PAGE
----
Friday, September 20, 2013

LinkedIn Shares E-mails

LinkedIn is essentially the Facebook for business. It is a social network designed around business relationships.

But those with whom we do business and those with whom we want to interact further are not always the same. You might have a colleague with whom you're happy to discuss business matters on the site (or app) but don't want them to have your e-mail address. You know the guy. You might be the guy. Maybe I'm that guy?

Well, tough!

If you're connected through LinkedIn then they can get to your e-mail by exporting their contacts. The export function provides the user with a nice list of user names and e-mails in .csv format that can then be imported into any number of programs.

To get the .csv file:

  • Under NETWORK select CONTACTS
  • On the bottom right of the page is a link to EXPORT CONTACTS
  • This will take you to a new page where you can select format (.csv is the default and works for this application)  and then EXPORT (you may go through a CAPTCHA page and if so, verify).
  • A file will drop on your desktop that you can open with Excel (or equivalent) and read off the e-mails in plain text (you might have to give permissions in IE if you're stuck using IE).

Not cool!

Thursday, September 19, 2013

Apple iOS7 Vs The Otterbox Defender

Many pundits complain about the amount of time Apple spends on the design and slimming of iPhones as users immediately put those slim, pretty phones in big, clunky cases. The big, clunky case of choice for many (myself included) is the Otterbox Defender. My son does not get a phone unless it fits in an Otterbox (phone, pad). I am a long time fan of the product and know that they've saved my electronics more than a few times.

Apple released iOS7 yesterday to the general public. A welcome update with many nuances we users are learning. The new OS includes three new significant swipe commands. They are:

  1. Swipe down to access Notifications
  2. Swipe up to access the Control Center (frequently used features), and
  3. Swipe from the middle and pull down to access Spotlight (yes, that's where they've hidden it).

However, after updating my Otterbox Defender clad iPhone 5 so that it runs the new iOS7 yesterday, I find, along with many other dissatisfied owners, that the the Control Center cannot be accessed. The large, hard plastic surround for the button limits access to the part of the screen required to activate the Control Center.

And Otterboxes response is less than useful. Users on the Macrumors Forum have reported that the official response from Kendra was "I am very sorry that you are having trouble accessing your iOS7 software. I recommend that you contact Apple and make them aware of the issue. I am very sorry for this inconvenience. Thank you for your time."

Not what I'd expect from a company selling a $60 case! And of course, the issue is not mentioned on their web site and they are still advertising that the Otterbox Defender works with the iPhone 5.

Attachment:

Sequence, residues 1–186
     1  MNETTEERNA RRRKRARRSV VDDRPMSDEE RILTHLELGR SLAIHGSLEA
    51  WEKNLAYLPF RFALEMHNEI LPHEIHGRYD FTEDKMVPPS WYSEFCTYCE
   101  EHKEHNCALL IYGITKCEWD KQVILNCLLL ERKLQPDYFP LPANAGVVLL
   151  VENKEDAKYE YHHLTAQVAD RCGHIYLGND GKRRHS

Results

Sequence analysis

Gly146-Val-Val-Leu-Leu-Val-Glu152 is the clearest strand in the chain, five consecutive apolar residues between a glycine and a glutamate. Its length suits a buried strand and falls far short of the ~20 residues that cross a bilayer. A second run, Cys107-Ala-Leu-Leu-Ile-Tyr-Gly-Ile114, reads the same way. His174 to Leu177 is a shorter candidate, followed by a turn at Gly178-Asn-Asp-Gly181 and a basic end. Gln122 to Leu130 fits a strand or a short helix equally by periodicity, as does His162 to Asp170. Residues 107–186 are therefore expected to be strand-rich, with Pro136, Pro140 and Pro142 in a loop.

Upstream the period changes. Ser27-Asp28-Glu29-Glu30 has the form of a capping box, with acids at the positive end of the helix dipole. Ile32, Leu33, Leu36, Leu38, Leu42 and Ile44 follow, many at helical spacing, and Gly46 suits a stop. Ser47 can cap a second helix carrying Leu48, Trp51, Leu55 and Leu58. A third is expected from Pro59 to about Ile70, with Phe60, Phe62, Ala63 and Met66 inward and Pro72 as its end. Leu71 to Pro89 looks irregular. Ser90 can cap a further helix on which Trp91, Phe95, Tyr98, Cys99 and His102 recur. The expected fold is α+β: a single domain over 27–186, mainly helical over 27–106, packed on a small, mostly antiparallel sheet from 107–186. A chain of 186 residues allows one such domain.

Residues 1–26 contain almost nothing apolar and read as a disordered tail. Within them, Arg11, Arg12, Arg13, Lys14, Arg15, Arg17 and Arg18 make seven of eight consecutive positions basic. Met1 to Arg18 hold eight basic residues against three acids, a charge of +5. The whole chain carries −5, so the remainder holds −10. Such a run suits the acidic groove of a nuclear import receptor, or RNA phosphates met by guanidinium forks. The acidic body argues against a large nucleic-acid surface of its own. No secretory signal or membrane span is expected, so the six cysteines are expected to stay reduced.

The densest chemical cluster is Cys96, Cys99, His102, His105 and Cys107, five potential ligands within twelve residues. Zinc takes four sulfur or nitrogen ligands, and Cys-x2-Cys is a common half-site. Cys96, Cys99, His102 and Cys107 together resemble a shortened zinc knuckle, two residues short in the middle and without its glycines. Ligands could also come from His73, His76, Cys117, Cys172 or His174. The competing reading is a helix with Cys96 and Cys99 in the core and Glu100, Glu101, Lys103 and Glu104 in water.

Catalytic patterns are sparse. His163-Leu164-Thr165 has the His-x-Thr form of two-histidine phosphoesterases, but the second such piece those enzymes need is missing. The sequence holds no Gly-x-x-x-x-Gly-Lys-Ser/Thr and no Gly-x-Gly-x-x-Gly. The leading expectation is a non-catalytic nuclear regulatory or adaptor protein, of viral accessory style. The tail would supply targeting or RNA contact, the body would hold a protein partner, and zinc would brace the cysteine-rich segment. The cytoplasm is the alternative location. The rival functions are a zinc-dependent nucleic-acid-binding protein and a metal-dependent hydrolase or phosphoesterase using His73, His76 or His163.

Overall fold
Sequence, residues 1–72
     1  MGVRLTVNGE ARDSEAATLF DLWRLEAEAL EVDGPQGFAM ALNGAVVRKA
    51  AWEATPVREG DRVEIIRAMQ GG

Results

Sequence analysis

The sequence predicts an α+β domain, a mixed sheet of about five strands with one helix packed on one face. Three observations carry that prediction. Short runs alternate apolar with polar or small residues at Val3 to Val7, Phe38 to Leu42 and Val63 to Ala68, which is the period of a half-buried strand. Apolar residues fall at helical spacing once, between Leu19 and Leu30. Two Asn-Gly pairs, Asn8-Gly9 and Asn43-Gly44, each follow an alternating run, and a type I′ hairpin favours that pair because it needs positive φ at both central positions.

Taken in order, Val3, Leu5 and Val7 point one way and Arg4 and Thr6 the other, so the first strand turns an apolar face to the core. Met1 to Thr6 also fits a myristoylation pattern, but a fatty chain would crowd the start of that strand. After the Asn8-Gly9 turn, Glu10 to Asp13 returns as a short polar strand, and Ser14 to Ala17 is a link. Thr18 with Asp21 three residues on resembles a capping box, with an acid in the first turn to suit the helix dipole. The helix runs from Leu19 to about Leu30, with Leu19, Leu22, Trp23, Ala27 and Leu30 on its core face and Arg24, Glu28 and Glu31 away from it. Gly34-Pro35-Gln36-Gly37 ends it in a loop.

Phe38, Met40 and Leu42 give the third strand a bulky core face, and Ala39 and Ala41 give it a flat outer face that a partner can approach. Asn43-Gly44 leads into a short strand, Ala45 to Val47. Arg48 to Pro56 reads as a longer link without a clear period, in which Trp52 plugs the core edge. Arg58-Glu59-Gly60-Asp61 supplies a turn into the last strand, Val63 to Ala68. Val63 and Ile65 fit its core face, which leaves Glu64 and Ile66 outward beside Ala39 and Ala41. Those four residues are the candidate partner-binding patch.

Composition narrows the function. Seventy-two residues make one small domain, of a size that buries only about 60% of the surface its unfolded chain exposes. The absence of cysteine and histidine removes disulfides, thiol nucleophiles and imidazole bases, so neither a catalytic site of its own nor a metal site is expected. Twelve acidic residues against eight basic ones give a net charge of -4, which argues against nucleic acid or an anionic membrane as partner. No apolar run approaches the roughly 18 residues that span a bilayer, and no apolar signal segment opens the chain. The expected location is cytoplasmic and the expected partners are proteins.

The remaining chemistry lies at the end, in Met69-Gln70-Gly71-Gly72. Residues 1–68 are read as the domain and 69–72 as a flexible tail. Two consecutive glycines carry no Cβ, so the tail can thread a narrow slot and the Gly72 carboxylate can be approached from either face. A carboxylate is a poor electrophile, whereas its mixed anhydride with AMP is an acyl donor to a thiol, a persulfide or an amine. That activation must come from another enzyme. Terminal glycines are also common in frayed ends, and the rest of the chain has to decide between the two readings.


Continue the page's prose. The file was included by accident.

Edit 10-28-13: It seems that Apple listened and fixed the issue, now allowing swipes from the left side of the lower screen. Thanks to Anonymous (no, not that Anonymous, they have bigger fish to fry) for notifying me of the fix.

Tuesday, May 21, 2013

Free iOS VPN from TouchVPN

It's been a while. I haven't had much to say recently and rather than publish noise, I kept quiet. But I wanted to share this information so here goes....

You've seen that option in your settings and are wondering what exactly is a VPN and do you need one. A VPN is a Virtual Private Network. Typically this means that you will have the ability to access your network over the internet with some level of security. Great if you work at a multinational or university who doesn't want to share secrets.

But why do I need a VPN on my iPhone? I don't need to access secret data on my work computer on my phone. Is there anything there for me?

Well, yes. According the the TouchVPN web site, "Everyone Need VPN". To paraphrase their content, VPN has a number of benefits to the average mobile user.
  • Web Surfing Anonymously - users can browse the internet anonymously even when using public Wi-Fi hotspots or through your cell provider.
  • Enhanced Safety and Security - data is encrypted through the VPN. Well, as long as you trust the company providing the VPN service*.
  • Unblock Websites & Bypass Web Filters - VPN has servers in the UK and US and becomes an efficient way to unblock region-restricted sites that allow access from those countries (I'm looking at you BBC).
  • Hiding your IP address - VPN replaces your local ISP's IP address with the VPN public IP. All websites you visited will only know the VPN IP intead of your real IP address.
Possibly the most well known public VPN (I love that oxymoron) is Hotspot Shield but their service is not free. If you are too cheap to pay for their excellent service (hey, we can smell our own), try TouchVPN.

Their web site provides adequate details on how to connect through their UK-based or US-based VPN. The US-based VPN is pretty fast but the UK-based VPN is slow (so no BBC on my iPhone, still have to rely on Netshade on my Mac).

*Do I trust TouchVPN? I did a lot of searching to find an answer to this question before I decided to write this post. Their server is out of a small town just outside Wichita, Kansas. They are a relatively new company but all the buzz seems positive. Scamadvisor gives it a trustworthy rating (do I trust Scamadvisor?).

**In researching this post I ran across Blogger Jin's web site that lists 21 free alternatives. You might prefer the service from one of the alternative sites he lists.